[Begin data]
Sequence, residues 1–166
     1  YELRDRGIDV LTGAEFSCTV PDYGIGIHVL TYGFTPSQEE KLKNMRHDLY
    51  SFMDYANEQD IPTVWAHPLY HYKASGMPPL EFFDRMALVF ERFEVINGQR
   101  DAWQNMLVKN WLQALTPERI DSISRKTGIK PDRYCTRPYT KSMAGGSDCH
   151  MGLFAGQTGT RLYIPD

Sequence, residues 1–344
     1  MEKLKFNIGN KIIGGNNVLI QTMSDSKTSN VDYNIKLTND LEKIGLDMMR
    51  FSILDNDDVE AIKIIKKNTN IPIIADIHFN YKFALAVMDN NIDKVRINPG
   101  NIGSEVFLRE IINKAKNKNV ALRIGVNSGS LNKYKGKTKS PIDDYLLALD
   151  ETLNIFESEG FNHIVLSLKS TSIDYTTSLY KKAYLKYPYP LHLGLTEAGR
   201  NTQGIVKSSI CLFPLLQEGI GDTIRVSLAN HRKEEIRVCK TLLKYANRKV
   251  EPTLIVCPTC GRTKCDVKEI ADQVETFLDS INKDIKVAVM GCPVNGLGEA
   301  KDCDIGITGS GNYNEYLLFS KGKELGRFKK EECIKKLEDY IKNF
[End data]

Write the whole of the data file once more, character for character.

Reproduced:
Sequence, residues 1–166
     1  YELRDRGIDV LTGAEFSCTV PDYGIGIHVL TYGFTPSQEE KLKNMRHDLY
    51  SFMDYANEQD IPTVWAHPLY HYKASGMPPL EFFDRMALVF ERFEVINGQR
   101  DAWQNMLVKN WLQALTPERI DSISRKTGIK PDRYCTRPYT KSMAGGSDCH
   151  MGLFAGQTGT RLYIPD

Sequence, residues 1–344
     1  MEKLKFNIGN KIIGGNNVLI QTMSDSKTSN VDYNIKLTND LEKIGLDMMR
    51  FSILDNDDVE AIKIIKKNTN IPIIADIHFN YKFALAVMDN NIDKVRINPG
   101  NIGSEVFLRE IINKAKNKNV ALRIGVNSGS LNKYKGKTKS PIDDYLLALD
   151  ETLNIFESEG FNHIVLSLKS TSIDYTTSLY KKAYLKYPYP LHLGLTEAGR
   201  NTQGIVKSSI CLFPLLQEGI GDTIRVSLAN HRKEEIRVCK TLLKYANRKV
   251  EPTLIVCPTC GRTKCDVKEI ADQVETFLDS INKDIKVAVM GCPVNGLGEA
   301  KDCDIGITGS GNYNEYLLFS KGKELGRFKK EECIKKLEDY IKNF